In some parts of the turtles’ range they are harvested for their meat and eggs, despite protections the U.S. and some countries may place on them. Some populations have been severely impacted by the disease Fibropapillomatosis, a disease in which tumors grow on the turtles. As more and more coastline is eaten up by development, sea turtles lose valuable nesting habitat which heavily impacts their numbers.
Along with the development come many other types of disturbance: normally hatchlings use the light reflecting off of the open ocean to navigate from their nest to the water; however, artificial lights from beachfront development disorients them and misleads them into the hustle of busy streets and parking lots surrounded by condos and souvenir shops, where they are sure to die. Hatchling mortality due to native and non-native predators is on the rise, as humans alter habitat to foster the presence of these animals on beaches. Commercial fishing operations ruin foraging habitat and routinely catch sea turtles as by-catch. Marine debris is appearing more and more in the stomachs of necropsied turtles, suggesting another cause of human-induced mortality.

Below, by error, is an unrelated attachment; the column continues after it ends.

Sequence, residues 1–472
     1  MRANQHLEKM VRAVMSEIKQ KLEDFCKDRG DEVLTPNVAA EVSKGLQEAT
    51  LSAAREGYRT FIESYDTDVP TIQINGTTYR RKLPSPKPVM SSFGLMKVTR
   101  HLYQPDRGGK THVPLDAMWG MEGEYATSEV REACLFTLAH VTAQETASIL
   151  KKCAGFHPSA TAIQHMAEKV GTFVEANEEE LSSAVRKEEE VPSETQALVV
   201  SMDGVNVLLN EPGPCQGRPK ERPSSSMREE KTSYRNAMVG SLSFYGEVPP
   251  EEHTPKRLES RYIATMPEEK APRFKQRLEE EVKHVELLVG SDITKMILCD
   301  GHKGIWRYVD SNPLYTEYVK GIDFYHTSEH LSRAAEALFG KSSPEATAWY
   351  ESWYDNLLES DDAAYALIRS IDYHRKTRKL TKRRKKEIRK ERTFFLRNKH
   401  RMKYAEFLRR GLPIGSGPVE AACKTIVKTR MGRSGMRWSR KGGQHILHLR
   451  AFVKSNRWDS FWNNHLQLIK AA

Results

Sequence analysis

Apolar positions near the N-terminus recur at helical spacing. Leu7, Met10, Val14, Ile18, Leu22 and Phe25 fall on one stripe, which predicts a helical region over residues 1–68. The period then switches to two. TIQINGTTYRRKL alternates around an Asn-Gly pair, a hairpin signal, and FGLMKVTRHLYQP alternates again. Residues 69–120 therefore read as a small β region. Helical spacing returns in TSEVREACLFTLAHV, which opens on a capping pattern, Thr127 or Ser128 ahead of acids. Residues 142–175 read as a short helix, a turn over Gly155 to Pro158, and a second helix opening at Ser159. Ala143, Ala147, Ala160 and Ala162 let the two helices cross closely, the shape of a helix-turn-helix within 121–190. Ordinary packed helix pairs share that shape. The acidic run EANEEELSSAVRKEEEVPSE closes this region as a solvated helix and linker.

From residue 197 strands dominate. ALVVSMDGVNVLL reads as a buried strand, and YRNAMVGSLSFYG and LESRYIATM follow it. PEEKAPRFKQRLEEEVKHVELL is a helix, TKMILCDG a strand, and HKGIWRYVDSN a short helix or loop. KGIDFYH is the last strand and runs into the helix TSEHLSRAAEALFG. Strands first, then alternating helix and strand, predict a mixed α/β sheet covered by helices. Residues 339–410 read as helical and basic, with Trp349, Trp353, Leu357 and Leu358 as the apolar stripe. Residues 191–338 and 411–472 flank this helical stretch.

To learn what is being done and how you can help, visit Alabama’s Share the Beach Program. Volunteers of Share the Beach patrol the shores of Bon Secour National Wildlife Refuge monitoring sea turtle nesting activity.